America does have a major rival for AI supremacy though, and it might actually be in first place. China spends more on AI research than the U.S. does. According to Thomas Davenport, a government-run venture capital firm in China has promised over billion in research money for AI. And individual cities have dropped huge money as well. Tianjin, a port, has slated billion in research monies.
America has many more groups investing in AI than China, but China is likely investing more overall—even on the venture capital side—than the U.S., according to Davenport.
So, yeah, the idea of a come-from-behind victory for Russia seems far-fetched, but the fight at ranks 1 and 2 is still undecided, and victory is important. Artificial intelligence will likely give a massive advantage in every aspect of war as well as in a lot of industrial and economic applications.
Bigger isn’t always necessarily better. Military history is replete with examples of Goliaths falling to Davids. Sometimes the bigger army is the agent of its own failure, like the restrictions placed on American troops in Vietnam. Sometimes the hubris of a leader who seldom loses leads an otherwise formidable force to destruction the way Napoleon did against the Russians. And then some armies just bite off more than they can chew.
At last try to stand up when you surrender your superior force after 18 minutes.
1. Mexico tries to put down Texian Rebellion; gets owned
In March 1836, the Mexican Army under the dictator Antonio Lopez de Santa Anna attacked a rebel stronghold near San Antonio in an effort to keep Texas under Mexican domination. In an effort to send a message to the Texians, Santa Anna slaughtered the defenders of an old Spanish mission known as the Alamo, almost to a man. The next time the Texians met the Mexicans in a fight would be a month later at the Battle of San Jacinto. Outnumbered, the Texians took all of 18 minutes to defeat the Mexicans, killing, wounding, or capturing almost all of them – including Santa Anna himself. Texas was soon an independent nation.
If you want to end French supremacy right, you have to do it yourself.
2. Frederick earns title “The Great” after ending three great powers
The Seven Years’ War was the first true “world war,” involving five major powers and a number of lesser ones, pitting a coalition of the British Empire and Prussia against France, Russia, Spain, Sweden, Austria, and many other German states. On the high seas and in North America, Britain reigned supreme, but on the battlefields of Europe, tiny Prussia would be forced to do battle almost alone and surrounded by opportunist enemies. Frederick struck neighboring Saxony first, before anyone was prepared. He then knocked the French out of the war in Continental Europe at the Battle of Rossbach, despite being outnumbered by more than two-to-one. When the Austrians failed to take the offensive, Frederick destroyed it despite being outnumbered two-to-one – using the same maneuver.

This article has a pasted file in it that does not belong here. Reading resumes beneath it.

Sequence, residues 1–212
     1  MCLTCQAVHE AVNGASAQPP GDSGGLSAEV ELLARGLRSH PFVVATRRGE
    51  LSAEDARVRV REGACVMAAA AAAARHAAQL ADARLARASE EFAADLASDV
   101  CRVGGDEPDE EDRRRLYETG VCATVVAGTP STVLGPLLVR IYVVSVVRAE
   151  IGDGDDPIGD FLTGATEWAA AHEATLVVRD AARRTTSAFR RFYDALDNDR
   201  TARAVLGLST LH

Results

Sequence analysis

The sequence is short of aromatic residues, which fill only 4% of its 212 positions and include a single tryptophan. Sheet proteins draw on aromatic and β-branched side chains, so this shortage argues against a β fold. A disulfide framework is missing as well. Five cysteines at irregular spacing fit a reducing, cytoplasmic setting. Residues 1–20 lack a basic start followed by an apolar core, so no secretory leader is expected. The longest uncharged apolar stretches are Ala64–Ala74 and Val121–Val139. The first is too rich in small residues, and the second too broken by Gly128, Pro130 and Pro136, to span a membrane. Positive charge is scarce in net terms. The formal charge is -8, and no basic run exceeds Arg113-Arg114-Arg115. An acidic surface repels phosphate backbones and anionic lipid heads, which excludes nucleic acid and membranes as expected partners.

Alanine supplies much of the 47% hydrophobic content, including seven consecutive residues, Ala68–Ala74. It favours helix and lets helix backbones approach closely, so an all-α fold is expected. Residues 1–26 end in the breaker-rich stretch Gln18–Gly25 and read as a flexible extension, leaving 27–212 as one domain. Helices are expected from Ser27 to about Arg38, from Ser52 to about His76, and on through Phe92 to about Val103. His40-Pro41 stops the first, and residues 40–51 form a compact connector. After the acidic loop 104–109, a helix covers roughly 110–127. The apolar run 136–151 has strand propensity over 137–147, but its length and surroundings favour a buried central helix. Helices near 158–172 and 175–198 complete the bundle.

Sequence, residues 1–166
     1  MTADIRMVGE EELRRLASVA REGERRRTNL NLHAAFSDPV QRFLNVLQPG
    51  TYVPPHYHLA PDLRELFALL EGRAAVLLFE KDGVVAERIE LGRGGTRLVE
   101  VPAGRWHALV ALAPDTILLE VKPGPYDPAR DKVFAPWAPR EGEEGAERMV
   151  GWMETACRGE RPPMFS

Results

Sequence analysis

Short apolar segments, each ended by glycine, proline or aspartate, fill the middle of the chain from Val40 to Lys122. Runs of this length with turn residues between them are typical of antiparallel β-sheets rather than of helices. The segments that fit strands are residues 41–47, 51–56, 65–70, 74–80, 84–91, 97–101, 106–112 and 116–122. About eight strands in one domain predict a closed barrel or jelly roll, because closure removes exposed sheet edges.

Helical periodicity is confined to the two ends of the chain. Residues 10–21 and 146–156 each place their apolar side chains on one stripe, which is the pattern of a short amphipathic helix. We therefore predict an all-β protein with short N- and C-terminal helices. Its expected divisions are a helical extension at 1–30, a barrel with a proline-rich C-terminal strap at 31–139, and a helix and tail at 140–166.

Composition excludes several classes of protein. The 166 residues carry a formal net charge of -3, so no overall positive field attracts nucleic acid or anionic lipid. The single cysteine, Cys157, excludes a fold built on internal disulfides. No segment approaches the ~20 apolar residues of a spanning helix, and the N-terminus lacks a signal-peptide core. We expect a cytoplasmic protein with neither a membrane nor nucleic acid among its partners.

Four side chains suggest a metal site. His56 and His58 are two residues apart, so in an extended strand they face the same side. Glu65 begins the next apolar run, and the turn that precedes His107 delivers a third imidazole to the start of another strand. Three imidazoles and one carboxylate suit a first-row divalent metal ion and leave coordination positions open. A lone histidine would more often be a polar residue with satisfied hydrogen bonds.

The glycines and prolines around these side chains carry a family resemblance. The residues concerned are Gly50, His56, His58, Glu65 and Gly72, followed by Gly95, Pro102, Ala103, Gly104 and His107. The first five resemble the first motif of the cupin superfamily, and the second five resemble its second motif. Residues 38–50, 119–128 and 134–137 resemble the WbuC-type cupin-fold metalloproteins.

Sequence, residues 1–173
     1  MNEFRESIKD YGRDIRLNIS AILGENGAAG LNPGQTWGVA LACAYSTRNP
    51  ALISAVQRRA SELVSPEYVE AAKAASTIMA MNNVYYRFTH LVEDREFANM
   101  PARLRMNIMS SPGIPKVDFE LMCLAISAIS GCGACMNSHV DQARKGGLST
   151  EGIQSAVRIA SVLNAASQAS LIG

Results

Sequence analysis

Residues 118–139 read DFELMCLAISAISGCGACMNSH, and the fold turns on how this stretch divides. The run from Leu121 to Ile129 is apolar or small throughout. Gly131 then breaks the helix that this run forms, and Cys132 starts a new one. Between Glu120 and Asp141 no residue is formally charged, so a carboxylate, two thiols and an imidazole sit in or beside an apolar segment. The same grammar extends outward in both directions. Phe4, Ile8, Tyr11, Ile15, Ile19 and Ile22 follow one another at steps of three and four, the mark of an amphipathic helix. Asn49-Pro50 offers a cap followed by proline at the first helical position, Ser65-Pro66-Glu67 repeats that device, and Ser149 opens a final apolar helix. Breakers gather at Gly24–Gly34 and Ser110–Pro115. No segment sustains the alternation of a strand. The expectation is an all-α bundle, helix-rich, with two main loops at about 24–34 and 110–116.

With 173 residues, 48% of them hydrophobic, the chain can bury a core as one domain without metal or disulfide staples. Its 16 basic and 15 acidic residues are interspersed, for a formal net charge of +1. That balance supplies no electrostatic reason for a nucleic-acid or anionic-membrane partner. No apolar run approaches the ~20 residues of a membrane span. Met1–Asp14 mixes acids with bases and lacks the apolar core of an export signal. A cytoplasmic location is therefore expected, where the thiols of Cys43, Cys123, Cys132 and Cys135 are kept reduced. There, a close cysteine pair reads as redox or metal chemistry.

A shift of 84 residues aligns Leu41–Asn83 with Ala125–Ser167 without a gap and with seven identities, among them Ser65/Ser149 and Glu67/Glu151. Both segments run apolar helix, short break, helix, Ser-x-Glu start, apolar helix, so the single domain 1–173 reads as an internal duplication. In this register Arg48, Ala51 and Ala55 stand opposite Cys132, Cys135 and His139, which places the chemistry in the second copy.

3. Italy tries to create an empire in Africa; Ethiopia isn’t having it
Italy tried to trick the Ethiopians into becoming an Italian client state by using loopholes in the language of a treaty. When this didn’t work, and the Ethiopians decided they were done with Italian meddling, the Italians were already on the warpath, ready to subdue Ethiopia by force. Emperor Menelik II wasn’t someone who was just going to roll over for a European army because they had guns. Ethiopia was gonna go down fighting, if it went down at all. After a year of fighting, the Italians had failed to properly subdue the Ethiopians and decided to attempt a final showdown at a place called Adwa. In the ultimate bad idea, 17,000 Italians with guns took on 100,000 Ethiopians with guns. And horses. It was just a fight that should never have happened in the first place.
That face when the child soldier you capture is twice the veteran you are.
4. China invades Vietnam; forgets about the French and U.S. invasions
You might think that the years China spent aiding and arming tiny Vietnam would be a hint that Vietnam had a well-equipped, battle-hardened army with a leadership that was well-versed in bringing down giants who tried to ruin their groove. You’d be wrong. When Vietnam invaded neighboring Cambodia to stop the Khmer Rouge from killing all the Cambodians, China saw an opportunity to attack Vietnam and impose their dominance on the young Communist country. Well, Cambodia collapsed like a senior with heatstroke, and Vietnam was able to quickly turn its attention back to those sneaky Chinese. Within six weeks, Chairman Mao was pulling Chinese troops out of Vietnam much faster than the French or Americans had.
Only in the Falklands.
5. Argentina thinks the U.K. won’t retake an island full of sheep; it’s wrong
In April 1982, Argentina invaded and occupied a series of islands off its coast that the British had occupied basically forever. Argentina didn’t see it as an invasion, really, just a decision to take what was rightfully theirs. Besides, the UK wouldn’t make such a fuss over a few fisherman and some sheep. It would be an easy win, but for one thing the Argentines didn’t count on.